International Record Review magazine has a great review in their July issue from critic Calum (aka Malcolm) MacDonald of the new Orchestra of the Swan recording of the Third Symphonies of Robert Schumann and Hans Gal on Avie Records.
Calling it an “excellent disc,” MacDonald describes the Gál 3rd Symphony as “a substantial work, deeply felt and deeply thought.” To his credit, MacDonald recognized that Gál’s music can be “deceptively easy on the ear,” and allowed himself several listens to get to know the piece. After reflection, he writes: “Deeply imbued in the Viennese symphonic lineage from Hadyn to Mahler, the work affects a stance of serene neo-Classicism, but actually is full of disquiet, doubt, and, probably, of well-disguised grief. These darker undercurrents are all to be sensed in the half-lights, the elegant reticences, the persistent play between major and minor: the latter continually imparting a chill, a sere impediment to the songful, lyrical serenade-like character that the music seems to want to assume.”
MacDonald obviously enjoyed the performances as well as the repertoire, the Gál conducted with “obvious empathy and understanding,” and the Orchestra of the Swan playing throughout “with admirable clarity of texture and finely honed musicianship.” He says the recording of the Gál “could hardly be bettered,” and that, amidst tough competition from the likes of Gardiner, Giullini and Muuti, the Schumann is “a fresh-sounding, highly recommendable performance that makes an excellent foil for Gál’s No. 3, and reminds us how intimately Gál was bound up with the Austro-German symphonic tradition. With first-rate recording throughout, too, this is a very welcome release.”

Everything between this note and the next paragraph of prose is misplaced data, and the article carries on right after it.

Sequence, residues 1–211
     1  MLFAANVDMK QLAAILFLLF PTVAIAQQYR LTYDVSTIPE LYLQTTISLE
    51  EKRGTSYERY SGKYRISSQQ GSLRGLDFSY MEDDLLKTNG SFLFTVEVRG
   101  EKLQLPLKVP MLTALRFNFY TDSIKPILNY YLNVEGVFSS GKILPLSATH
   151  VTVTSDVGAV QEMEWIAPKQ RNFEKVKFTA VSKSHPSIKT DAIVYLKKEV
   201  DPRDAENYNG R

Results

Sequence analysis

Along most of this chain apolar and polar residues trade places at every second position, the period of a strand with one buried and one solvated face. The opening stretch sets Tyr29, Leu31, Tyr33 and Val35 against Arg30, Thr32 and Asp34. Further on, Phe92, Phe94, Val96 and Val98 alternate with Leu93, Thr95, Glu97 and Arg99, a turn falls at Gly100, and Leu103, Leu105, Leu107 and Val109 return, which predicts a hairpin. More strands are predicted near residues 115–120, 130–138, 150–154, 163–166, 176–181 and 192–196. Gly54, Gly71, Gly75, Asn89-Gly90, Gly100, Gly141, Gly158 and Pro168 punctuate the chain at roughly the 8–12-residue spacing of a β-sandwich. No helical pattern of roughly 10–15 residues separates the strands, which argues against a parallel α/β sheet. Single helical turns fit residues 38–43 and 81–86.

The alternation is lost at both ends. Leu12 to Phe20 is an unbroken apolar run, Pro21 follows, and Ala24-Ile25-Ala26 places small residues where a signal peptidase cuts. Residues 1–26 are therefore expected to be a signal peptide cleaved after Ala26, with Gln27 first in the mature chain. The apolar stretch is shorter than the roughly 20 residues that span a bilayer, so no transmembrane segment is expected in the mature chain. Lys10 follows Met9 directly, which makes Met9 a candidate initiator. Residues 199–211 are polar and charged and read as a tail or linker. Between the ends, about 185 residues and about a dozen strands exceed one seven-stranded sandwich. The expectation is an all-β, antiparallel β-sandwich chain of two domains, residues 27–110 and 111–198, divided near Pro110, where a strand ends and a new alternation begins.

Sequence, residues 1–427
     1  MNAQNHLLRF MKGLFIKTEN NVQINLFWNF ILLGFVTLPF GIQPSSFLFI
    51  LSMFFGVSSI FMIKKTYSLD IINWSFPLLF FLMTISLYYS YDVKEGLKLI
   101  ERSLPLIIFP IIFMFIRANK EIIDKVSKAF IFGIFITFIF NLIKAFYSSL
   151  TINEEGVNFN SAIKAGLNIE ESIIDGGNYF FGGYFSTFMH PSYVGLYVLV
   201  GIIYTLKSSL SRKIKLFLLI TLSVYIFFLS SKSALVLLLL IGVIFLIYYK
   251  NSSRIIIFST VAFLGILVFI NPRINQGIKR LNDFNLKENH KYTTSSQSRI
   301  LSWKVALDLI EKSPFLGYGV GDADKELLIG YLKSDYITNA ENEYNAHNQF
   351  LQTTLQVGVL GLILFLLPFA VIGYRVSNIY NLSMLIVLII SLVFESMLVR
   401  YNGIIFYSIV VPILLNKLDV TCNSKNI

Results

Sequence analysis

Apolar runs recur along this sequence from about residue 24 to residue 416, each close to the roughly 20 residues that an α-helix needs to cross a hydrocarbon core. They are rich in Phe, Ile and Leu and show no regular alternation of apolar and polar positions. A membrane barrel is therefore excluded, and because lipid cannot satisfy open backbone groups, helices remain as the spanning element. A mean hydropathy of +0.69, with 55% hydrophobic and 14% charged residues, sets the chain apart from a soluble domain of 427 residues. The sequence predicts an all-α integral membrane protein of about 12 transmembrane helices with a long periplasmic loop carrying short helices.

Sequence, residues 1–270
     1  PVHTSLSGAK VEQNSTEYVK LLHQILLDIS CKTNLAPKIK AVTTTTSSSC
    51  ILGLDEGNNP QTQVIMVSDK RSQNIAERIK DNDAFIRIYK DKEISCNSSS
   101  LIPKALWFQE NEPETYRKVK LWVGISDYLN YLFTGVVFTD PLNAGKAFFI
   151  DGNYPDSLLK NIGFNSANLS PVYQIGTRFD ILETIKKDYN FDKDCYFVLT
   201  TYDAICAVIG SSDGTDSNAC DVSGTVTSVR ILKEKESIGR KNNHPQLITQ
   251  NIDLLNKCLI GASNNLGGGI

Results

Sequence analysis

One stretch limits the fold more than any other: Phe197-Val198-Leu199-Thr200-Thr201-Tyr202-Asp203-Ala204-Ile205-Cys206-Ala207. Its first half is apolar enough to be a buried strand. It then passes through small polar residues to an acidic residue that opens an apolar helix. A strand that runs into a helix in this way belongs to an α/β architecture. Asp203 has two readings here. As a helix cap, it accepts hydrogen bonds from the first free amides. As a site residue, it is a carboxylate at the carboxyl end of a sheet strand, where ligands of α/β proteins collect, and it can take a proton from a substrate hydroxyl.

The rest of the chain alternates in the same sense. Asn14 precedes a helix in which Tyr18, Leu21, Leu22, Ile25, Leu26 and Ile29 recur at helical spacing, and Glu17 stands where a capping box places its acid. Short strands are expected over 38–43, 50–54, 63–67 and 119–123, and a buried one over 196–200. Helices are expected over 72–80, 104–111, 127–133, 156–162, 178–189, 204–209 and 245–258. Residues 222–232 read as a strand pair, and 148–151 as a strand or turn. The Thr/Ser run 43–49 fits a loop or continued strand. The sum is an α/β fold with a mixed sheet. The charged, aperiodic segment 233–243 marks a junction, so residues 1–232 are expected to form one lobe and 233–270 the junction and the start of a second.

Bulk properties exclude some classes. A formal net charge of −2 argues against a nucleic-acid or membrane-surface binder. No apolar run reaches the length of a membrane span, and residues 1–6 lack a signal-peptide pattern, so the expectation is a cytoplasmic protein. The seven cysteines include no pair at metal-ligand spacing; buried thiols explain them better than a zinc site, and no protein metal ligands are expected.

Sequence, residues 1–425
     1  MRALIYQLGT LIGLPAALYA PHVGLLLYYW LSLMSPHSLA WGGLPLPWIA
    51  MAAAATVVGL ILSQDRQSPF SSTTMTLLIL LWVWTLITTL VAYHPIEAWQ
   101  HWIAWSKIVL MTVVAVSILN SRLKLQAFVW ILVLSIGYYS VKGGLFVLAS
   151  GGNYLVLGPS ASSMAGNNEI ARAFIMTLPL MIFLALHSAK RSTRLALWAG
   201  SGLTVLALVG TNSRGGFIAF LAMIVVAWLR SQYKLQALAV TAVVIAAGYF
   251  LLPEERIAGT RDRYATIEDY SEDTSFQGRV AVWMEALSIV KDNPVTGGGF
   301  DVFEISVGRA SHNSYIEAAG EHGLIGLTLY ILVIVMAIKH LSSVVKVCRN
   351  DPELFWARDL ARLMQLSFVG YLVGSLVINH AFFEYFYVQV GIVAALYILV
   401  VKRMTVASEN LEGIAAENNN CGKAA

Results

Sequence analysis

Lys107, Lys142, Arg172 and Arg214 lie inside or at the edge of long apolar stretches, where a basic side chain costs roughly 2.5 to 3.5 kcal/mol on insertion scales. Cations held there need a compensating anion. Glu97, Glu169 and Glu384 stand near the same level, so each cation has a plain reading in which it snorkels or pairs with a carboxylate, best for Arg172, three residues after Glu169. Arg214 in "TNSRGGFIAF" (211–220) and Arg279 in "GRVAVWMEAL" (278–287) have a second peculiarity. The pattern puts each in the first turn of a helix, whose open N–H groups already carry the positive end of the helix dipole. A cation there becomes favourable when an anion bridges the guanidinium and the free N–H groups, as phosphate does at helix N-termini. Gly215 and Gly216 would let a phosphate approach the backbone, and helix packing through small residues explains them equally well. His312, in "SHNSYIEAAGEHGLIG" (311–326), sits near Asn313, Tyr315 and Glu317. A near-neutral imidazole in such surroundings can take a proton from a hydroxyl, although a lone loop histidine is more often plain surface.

UPDATE- Mr MacDonald mentions the size of the orchestra for the Schumann in his review. You can see a full listing of the musicians on the disc here. 44 players played on the Schumann, 45 on the Gal. That’s very slightly larger than Schumann’s own orchestra in Dusseldorf, and slightly smaller than the Gewandhaus Orchestra in Leipzig at that time, where most of his orchestral music was first performed, often under Mendelssohn’s baton.
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